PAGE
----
Second hand shopping and I don’t always get along. I get impatient and picky and normally leave empty handed. But now and again, on an odd day out, I strike gold. (Fake gold that is.) Why I keep at it? Because it’s the most eco-friendly way to add new things to my closet and I support small neighborhood businesses while doing so!
First, let me introduce my “new” flower broche. A vintage piece that I immediately fell for at the Vintage Revival boutique south of Houston. I paid $10.50. I love using a spectacular broche as the focal point on a (dull) purse!
This plastic clutch was actually my grandmother’s. She got it for free with a mail-order make-up purchase, sometime in the early 2000s, and I snagged it right away. Finders keepers, you know? That goes for the broche and the clutch bag.
The blouse is ALSO a “new” second hand find! Can you believe it?
This is Lucky Brand (lucky me), from who knows when, which I got for $10 at a local resale shop. I love the pattern and I love how the blue plus red threads “make” purple, allowing me to wear one of my favorite old scarves with it. Scarves always make every outfit better (logic according to Anna). This one was a gift from my mom.
The jeans are my “overhauled” old boot-cut Gap jeans that I blogged about last week, and the flats are, of course, my made in USA Oka-B’s. The BEST (and cutest) shoes for Houston’s wet weather.
Sustainable fashion at its best; garments that are old, a vintage broche that is new, a purse that is borrowed (no return date set) and of course, ballet flats in blue.
I love November. While many cities are already moving on to winter wear, Houston finally cools down, opening the door for our fall pieces to come out and be worn comfortably. To me, there’s just something magic about layering and adding wool to the mix, probably because Houston weather doesn’t allow it very often.
About a month ago I bought my first LuLaRoe piece, a pencil skirt, at a friend’s pop-up boutique. At first I didn’t know how I wanted to wear it. Digging through my very modest closet, here’s what I put together to celebrate fall, the cooler winds and this American made skirt.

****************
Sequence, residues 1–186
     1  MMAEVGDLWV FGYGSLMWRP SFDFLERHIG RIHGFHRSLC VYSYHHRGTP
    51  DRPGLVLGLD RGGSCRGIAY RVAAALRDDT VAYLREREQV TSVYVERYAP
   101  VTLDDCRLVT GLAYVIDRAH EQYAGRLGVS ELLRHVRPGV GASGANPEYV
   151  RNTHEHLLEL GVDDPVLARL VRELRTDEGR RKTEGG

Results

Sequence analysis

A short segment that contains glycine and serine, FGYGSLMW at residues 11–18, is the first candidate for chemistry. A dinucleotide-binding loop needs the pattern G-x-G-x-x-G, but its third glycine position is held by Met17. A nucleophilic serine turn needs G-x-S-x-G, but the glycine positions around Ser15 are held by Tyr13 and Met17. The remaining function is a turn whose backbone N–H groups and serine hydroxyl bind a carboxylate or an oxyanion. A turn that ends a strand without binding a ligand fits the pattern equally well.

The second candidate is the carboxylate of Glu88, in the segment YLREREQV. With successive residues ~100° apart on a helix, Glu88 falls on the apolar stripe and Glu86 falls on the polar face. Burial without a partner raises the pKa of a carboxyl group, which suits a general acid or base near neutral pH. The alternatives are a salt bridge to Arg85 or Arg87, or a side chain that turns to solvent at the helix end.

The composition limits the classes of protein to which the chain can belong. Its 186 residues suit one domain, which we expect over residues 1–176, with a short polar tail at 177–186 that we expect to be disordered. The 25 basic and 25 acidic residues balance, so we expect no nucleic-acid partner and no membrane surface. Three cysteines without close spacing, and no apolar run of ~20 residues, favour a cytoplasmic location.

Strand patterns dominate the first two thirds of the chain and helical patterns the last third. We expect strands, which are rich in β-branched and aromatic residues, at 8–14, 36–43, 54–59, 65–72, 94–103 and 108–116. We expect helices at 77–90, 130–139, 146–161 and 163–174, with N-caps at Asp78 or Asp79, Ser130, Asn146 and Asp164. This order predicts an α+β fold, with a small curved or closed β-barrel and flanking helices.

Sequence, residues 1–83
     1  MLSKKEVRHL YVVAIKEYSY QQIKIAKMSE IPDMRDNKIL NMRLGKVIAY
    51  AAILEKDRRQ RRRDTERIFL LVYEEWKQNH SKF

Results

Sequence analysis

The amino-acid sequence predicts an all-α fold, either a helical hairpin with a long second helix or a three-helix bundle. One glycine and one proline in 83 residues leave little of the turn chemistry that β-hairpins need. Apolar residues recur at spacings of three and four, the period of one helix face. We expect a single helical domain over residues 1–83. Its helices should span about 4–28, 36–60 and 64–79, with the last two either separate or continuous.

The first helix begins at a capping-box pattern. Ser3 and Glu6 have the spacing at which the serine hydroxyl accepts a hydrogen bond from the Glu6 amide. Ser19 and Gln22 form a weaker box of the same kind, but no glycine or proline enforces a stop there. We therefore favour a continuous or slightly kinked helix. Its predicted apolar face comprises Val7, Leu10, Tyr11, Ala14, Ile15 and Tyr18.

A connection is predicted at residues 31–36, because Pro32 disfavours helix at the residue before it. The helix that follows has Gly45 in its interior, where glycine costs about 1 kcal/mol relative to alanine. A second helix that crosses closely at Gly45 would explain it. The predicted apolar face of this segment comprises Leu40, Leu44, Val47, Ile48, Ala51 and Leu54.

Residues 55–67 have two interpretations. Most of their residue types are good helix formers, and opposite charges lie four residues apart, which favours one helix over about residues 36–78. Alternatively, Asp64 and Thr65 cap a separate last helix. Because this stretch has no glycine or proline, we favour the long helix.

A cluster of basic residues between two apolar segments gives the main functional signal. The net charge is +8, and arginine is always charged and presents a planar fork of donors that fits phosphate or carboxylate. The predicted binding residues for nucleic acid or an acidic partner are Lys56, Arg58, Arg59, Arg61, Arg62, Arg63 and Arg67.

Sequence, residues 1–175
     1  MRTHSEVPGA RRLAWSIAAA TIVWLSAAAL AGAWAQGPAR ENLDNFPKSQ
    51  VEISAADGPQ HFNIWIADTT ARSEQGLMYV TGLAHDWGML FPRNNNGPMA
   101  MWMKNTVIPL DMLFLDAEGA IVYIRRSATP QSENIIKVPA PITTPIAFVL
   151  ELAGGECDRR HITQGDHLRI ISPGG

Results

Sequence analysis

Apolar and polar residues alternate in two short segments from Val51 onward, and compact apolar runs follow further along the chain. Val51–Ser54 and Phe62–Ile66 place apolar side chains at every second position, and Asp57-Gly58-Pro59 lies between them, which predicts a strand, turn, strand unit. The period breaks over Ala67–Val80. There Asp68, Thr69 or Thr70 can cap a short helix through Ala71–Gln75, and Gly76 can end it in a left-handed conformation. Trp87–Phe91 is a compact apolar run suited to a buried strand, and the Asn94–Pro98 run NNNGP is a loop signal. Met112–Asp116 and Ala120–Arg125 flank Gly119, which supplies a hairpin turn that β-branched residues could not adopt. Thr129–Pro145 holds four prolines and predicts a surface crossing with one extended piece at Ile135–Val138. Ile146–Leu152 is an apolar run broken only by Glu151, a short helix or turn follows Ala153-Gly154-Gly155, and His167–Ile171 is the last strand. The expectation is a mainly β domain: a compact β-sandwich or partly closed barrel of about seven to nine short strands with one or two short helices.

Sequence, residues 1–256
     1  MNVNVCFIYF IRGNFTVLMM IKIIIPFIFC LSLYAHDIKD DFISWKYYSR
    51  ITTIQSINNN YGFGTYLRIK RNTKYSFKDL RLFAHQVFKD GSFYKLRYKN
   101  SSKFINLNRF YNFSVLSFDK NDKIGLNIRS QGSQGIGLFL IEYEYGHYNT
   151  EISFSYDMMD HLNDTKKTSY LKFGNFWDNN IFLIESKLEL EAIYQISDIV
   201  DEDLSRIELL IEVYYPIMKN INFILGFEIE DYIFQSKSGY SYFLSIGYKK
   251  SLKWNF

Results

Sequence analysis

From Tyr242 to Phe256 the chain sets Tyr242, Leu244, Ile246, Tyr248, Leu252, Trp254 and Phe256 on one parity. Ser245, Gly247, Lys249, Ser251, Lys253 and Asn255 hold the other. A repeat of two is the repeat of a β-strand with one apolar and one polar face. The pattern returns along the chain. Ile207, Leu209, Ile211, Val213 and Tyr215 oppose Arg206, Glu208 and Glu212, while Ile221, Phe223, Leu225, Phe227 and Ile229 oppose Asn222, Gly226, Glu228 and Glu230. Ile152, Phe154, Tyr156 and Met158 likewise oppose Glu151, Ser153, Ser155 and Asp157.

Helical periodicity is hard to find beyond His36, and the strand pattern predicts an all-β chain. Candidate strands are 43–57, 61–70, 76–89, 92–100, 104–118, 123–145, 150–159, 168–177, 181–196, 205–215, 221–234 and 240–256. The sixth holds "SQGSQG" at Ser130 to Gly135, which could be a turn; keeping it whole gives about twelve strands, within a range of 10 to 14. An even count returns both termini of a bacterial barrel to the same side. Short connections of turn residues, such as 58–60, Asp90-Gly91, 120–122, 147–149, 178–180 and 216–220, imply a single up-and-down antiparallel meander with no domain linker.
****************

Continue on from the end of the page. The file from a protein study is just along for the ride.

Shirt: One of my few H&M garments. This 2013 denim shirt screams Texas to me, yet it is made in Turkey (of course it’s imported – it’s H&M – but not China!). The embroidery and the tone of blue denim are unusual choices for me, but I like this shirt a lot. I normally wear it with black skinnies and a huge scarf. To me, it dresses down the skirt really nicely.
Scarf: I bought this marvelous scarf in 2004. Two girlfriends and I were vacationing in Spain and I bought this scarf, a pair of Diesel jeans and a Replay sweater at a very fancy shop. I was a student and couldn’t afford any of it really, but I was in a phase of “shopping cool brands is my life” so I guess it made sense at the time (?). I sold the jeans and the sweater many years ago, but the scarf has survived 5 moves (and four countries). It has a tag inside, but I don’t know where or by whom it was made. I actually love that it looks homemade! I wish I had made it. (Remove the tag, pretend I did?!)
Skirt: That’s my new, made in USA, 32 dollar, LuLaRoe skirt! Man, it is slim, but in a good way, and I like it. If I had a fancier work place, I’d love to wear it with a blouse and jacket, really dress it up. Right now, fall layers in warm colors are just what I feel like wearing with this skirt.
Socks: My mom got me these wool socks, a looong time ago. We’re likely talking late 90’s (don’t judge). Must say, they still look great.
Boots: My Ecco leather booties, made in Portugal. I bought them in 2013 on a Sunday morning outing with my husband. We’d actually gone out that day to specifically look for boots for me and my cold toes. I’d been in sustainable mode, ‘surviving’ wearing loafers and sneakers for quite a while, but realized my defeat early December (Burr, 32F outside) so we went shopping.
I can actually tag this outfit as “nothing made in China”. Yet, this time, it’s a coincidence.
My closet size may be modest, and some of my clothes have been with me for a while now. But things you love last, and even if the fashion industry is trying their best to make me believe I need a new wardrobe every season, I actually kind of love mixing and matching my old with my new. It’s good for the environment and it’s good for my economy. I think that’s what we label as ECO x 2.